So this series was originally going to be about magic coming back into the world and getting its nuts handed to it by science. I totally imagined an army of ten thousand demons arrayed in battle order on the plains of the Midwest, and one lone B-52 droning high overhead, it’s bomb-bay doors opening smoothly…
But when I started to write Dave as the narrator he was one of those guys you know you shouldn’t like but you just can’t help it. He ended up taking over the story, the same way he’d take over your birthday party if you let him. (Seriously, don’t let him).
Have you always wanted to write? Will you tell us more about yourself and your background?
I was talking to a friend about this today. I knew I wanted to write shortly after I bought my first book. Not the first book I read, you understand? But the first novel I ever bought with my own money. Stephen King’s The Stand. I was in my early teens. I fell so deeply into that world I didn’t want to come out again. Inevitably, I wanted to try that sort of world building and story telling for myself. (I did. It was a disaster. I donated that early, unpublished manuscript to a library, to inspire other writers. “Hell, if this loser can make it, anyone can!”).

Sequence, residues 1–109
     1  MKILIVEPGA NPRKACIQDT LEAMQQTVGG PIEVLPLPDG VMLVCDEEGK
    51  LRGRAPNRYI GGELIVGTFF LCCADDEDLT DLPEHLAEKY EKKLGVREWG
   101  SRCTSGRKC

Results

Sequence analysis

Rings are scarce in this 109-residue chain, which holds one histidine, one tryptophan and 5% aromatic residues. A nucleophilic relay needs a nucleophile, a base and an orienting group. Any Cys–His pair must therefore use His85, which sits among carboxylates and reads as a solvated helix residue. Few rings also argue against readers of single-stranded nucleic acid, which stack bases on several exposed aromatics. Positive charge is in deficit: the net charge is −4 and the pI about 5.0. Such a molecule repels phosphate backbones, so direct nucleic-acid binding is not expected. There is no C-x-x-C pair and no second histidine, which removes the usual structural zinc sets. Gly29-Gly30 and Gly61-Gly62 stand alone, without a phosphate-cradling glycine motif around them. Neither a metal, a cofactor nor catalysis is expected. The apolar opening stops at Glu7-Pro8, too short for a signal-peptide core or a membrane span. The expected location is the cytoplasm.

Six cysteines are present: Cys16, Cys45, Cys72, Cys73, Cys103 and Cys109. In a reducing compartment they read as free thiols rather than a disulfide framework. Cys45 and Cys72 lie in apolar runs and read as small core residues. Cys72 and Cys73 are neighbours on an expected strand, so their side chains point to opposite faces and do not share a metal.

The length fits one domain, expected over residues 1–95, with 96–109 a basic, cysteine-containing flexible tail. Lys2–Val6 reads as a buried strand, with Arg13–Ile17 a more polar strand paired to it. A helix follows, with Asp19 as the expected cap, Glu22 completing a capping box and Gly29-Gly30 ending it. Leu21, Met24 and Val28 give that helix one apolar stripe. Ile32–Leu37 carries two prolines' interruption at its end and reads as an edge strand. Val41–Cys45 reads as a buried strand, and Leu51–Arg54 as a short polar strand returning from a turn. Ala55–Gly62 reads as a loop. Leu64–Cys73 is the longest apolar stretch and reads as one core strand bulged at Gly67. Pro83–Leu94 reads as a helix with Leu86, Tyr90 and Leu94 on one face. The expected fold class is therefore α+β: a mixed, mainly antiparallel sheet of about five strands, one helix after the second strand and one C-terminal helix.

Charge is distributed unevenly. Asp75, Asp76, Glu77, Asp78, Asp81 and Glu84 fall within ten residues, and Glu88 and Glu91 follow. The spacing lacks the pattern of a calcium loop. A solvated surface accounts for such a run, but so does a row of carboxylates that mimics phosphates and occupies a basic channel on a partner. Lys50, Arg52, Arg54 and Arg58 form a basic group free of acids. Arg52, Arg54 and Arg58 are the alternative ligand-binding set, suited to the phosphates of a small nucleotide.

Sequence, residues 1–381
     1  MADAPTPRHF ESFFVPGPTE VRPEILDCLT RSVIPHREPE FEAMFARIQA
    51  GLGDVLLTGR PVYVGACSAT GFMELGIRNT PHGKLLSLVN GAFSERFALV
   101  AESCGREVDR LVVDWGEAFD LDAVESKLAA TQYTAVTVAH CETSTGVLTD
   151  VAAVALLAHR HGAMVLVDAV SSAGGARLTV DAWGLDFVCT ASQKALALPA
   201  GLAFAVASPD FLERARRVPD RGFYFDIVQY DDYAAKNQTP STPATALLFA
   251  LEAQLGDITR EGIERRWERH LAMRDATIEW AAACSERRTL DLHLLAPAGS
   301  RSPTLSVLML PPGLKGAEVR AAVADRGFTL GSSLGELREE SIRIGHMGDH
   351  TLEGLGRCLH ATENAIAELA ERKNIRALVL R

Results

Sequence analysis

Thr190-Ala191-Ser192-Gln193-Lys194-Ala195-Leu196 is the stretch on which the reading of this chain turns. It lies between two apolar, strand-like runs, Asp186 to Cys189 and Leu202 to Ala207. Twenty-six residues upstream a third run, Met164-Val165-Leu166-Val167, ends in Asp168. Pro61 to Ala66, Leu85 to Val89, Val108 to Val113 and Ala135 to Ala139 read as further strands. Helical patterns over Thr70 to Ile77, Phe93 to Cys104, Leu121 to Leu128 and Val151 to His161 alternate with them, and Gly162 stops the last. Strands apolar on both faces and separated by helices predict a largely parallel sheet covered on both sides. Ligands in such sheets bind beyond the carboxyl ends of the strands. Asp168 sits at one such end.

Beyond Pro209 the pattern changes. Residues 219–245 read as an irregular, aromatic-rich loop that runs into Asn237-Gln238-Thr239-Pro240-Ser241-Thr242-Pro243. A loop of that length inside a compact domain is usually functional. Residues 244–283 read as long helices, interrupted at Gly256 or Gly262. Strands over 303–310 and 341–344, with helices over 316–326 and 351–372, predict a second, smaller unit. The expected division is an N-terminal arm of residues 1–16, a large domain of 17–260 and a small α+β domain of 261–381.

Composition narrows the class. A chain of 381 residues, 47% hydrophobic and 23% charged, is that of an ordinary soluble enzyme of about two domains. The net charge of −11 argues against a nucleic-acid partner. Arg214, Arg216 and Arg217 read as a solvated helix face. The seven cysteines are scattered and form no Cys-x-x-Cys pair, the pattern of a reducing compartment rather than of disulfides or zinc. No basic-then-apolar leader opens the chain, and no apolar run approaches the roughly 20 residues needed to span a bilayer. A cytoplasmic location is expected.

I wrote for about ten years before publishing my first book. Almost entirely in the street press. It was good at teaching me to hit a deadline and giving me a little bit of money to live off, so I could actually call myself a writer.
You’ve got quite a few titles under your belt, and have undoubtedly influenced other writers with your work. Who has inspired you the most?
As a teen, I was a huge King fan, as I said. But I used to write out whole chapters of Hunter S Thompson, word for word, line by line, trying to figure out where the amazing power of his writing came from. Michael Herr had a similar effect on me, although I stuck to reading Dispatches, his Vietnam memoir, about a dozen times, rather than writing it out again and again. These days I admire the elegance and economy of Neil Gaiman and remain indebted to Douglas Coupland.